SIW Filter Doubles as Balun to mmWave Frequencies (.PDF Download)

April 5, 2018
SIW Filter Doubles as Balun to mmWave Frequencies (.PDF Download)

Bandpass filters are among the most useful building-block high-frequency components in modern communications networks, for functions such as providing signal isolation and spectral cleaning. Waveguide bandpass filters provide outstanding electrical performance, but are relatively large in size. However, substrate-integrated-waveguide (SIW) transmission-line technology delivers good performance from compact planar formats such as printed circuit boards (PCBs), and can be readily integrated with other transmission-line formats, e.g. microstrip, as needed for high-frequency component and subsystem design.1

In fact, SIW components can be thought of as traditional rectangular waveguide in planar form. This allows a transition of most classical waveguide components into more compact SIW forms. There are inevitable tradeoffs between the two formats, with conventional waveguide lower in loss but larger in physical size. However, the very good electrical performance of SIW components combines well with the compact, planar formats that can be made to fit many system designs.

SIW technology is the catalyst behind a wide range of passive high-frequency components, including planar SIE phase shifters,2 power dividers,3 circulators,4 directional couplers,5 six-port circuits,6 and low-cost filters.7 A variety of resonator-based filters have been developed with SIW approaches, too, including post, iris, and cavity-type filters.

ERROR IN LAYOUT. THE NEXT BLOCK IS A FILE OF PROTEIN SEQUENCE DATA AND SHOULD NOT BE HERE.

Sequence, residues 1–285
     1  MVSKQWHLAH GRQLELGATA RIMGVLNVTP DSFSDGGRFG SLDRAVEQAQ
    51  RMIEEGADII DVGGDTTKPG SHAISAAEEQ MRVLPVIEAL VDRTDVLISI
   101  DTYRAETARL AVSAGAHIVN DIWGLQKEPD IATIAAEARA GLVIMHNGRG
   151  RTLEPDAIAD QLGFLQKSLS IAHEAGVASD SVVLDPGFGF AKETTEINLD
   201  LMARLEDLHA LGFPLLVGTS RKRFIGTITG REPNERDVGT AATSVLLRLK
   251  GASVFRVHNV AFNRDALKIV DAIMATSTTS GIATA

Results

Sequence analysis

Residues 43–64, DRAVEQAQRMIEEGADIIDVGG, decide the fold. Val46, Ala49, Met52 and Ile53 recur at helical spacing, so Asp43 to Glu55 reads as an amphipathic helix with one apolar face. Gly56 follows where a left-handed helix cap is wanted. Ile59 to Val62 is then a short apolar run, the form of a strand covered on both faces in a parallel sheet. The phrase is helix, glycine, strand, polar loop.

Overall, the low insertion loss, sharp rejection cutoff, and low cost of these filters has made them invaluable for modern wireless communications systems. To explore the design of SIW bandpass filters, some examples will be shown using circular complementary split-ring resonators (CSRRs) fabricated on readily available commercial PCB material and with design guidance using the High Frequency Structure Simulator (HFSS) electromagnetic (EM) simulation software from ANSYS.

CSSRs have been proposed for the synthesis of negative-permittivity and left-handed (LH) metamaterials in planar circuit configurations.8 They can serve as useful circuit design elements: CSRRs etched in the ground plane or conductor of a planar transmission-line format, such as microstrip or coplanar waveguide (CPW), provides a negative effective permittivity with resulting stopband behavior in the vicinity of the frequency of the resonant structures. CSSRs have been applied to the design of compact bandpass filters (BPFs) to achieve low bandpass loss with high out-of-band rejection.7